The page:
Sync Smartband is designed to keep tabs on the family


July 30, 2014

The Sync Smartband is intended for use by both parents and their children

The Sync Smartband is intended for use by both parents and their children

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It seems that wearable devices are trying to pack more and more functions into smaller forms, and a new one called Sync Smartband is shooting for being more than just your typical fitness band. From exercise tracking to keeping tabs on children, the Sync Smartband is trying to carve out a niche as a wearable for active parents and children.

Many of the features offered in the Sync Smartband involve tracking fitness, like others on the market. It tracks steps, calories, and sleep patterns. However, what makes it interesting is the location services that allow parents to receive notifications if their children wander too far away.

The main selling point of this particular band is called Digital Zone. With this, parents can set a certain area for their children to stay in, and if they leave, parents get a notification. Of course, if the children do wander away and the notification pops up, parents can track the location of the wrist band to find their kids.

The fitness tracking features are pretty standard, with the notable exception being that parents are able to track the activity levels of their children. In a world where less time is spent outside playing, this feature allows parents to make sure their kids are actually getting some physical activity.

The wristband also stores emergency contact information. Using this feature, others who are authorized through the application can access doctors' contact info, family contacts, and other information.

The wristbands themselves come in two sizes, one for adults, one for kids. The creators expect about three months of battery life on a CR2032 battery, depending on usage. It also uses Bluetooth Smart technology for communicating with a smartphone. This promises a 150-ft (45.7-m) outdoor range and a 50-ft (15.2-m) indoor range.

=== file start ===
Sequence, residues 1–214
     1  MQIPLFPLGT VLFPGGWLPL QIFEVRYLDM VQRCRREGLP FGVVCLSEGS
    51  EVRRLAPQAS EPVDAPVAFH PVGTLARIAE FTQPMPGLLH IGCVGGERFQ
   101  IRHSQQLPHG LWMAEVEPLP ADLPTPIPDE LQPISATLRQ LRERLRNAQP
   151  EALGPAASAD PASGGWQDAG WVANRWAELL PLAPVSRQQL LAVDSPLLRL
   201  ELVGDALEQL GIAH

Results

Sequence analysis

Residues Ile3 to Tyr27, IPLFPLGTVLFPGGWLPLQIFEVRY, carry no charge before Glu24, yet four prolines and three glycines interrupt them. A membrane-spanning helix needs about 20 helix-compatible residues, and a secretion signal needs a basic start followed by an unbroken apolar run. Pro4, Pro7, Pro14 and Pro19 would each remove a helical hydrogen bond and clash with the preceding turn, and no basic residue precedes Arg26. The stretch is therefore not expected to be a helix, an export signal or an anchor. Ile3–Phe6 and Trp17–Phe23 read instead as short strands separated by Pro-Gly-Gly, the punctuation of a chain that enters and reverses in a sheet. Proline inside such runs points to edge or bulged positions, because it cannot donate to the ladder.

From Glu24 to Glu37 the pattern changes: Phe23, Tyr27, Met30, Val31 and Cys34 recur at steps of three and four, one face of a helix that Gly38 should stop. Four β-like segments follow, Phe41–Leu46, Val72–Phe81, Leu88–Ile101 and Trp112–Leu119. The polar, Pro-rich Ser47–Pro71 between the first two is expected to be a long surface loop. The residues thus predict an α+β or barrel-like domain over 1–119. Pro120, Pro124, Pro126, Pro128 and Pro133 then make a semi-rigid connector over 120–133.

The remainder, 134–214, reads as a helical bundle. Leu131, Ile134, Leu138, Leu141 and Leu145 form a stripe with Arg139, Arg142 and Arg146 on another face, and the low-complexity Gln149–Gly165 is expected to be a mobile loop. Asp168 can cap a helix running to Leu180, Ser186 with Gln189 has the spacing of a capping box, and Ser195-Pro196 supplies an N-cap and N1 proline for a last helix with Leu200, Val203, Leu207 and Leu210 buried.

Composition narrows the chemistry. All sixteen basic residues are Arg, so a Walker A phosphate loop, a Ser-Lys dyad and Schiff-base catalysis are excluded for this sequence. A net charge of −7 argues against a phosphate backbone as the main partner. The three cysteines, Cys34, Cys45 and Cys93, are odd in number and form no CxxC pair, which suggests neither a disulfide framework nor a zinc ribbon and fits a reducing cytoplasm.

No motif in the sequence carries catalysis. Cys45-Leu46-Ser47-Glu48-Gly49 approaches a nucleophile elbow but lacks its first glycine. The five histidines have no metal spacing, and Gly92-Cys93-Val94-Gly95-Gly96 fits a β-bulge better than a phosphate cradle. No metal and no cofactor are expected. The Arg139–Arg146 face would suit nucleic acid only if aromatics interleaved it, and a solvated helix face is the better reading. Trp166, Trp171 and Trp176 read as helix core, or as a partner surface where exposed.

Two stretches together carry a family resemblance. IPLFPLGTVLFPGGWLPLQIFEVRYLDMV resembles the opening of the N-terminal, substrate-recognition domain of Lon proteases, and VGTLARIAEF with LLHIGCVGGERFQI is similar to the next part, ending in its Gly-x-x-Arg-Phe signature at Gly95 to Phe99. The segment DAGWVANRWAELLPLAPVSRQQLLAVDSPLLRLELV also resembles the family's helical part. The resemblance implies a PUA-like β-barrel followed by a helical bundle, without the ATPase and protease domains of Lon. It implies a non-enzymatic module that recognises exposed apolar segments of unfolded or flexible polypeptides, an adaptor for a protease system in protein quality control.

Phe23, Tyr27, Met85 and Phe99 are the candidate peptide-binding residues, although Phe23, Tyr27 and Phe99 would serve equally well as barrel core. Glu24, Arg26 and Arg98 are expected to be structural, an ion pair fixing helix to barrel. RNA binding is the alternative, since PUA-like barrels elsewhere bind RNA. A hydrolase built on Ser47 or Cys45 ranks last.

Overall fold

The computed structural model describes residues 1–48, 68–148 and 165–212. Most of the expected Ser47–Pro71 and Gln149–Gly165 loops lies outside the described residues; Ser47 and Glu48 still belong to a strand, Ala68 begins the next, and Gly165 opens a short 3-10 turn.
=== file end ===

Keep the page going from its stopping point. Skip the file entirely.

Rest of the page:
The team behind Sync is seeking funding on Indiegogo. It has a US$50,000 goal and is already fairly close to meeting that goal with over a month left in its funding campaign. Buyers interested in preordering a Sync Smartband for themselves can do so for a pledge of US$69 while the early specials last. Once those run out, the price jumps to $89. Once the bands ship next February (assuming they reach production), the final retail price is expected to be $129.

The Indiegogo pitch video below provides more information on the Sync Smartband.

Source: Indiegogo

About the Author
Dave LeClair Dave is an avid follower of all things mobile, gaming, and any kind of new technology he can get his hands on. Ever since he first played an NES as a child, he's been an absolute tech and gaming junkie. All articles by Dave LeClair

Your kid will learn to tie this on the dog in the first hour.


@Eddie - That can be worked around. Dog's move differently than people, and their biosigns are different. For instance they run at 101f normally. So it would not be too challenging to make the tracker not track the time it was on the dog.

I agree that safety devices like these are virtually worthless due to being a wristband that can be removed. The child tracker feature is not useful in a situation like the child "running away" or being kidnapped as everyone knows about these kinds of things now and the first thing that would happen is this tracker getting stripped off and dumped.

I think the best device that tracks kids in the event of something like that would have to be one that had a unique latch that could not be undone without a key, and a band that triggers a very loud alarm if the band is cut or broken. It's not perfect, but a better chance of interupting the crime in action.


My problem is the distant I don't ONLY want to be able to track my son when he's supposed to be with me, I want to track him if he runs out of school or away from my sister at the park. I want to be able to track him if he gets up at night and climbs out the window. This won't do that. I have yet to find one that does that and is not a watch. My son has Autism and I can't predict if he will even wear it so I'm kind of at a loose.

Rachel Humphrey
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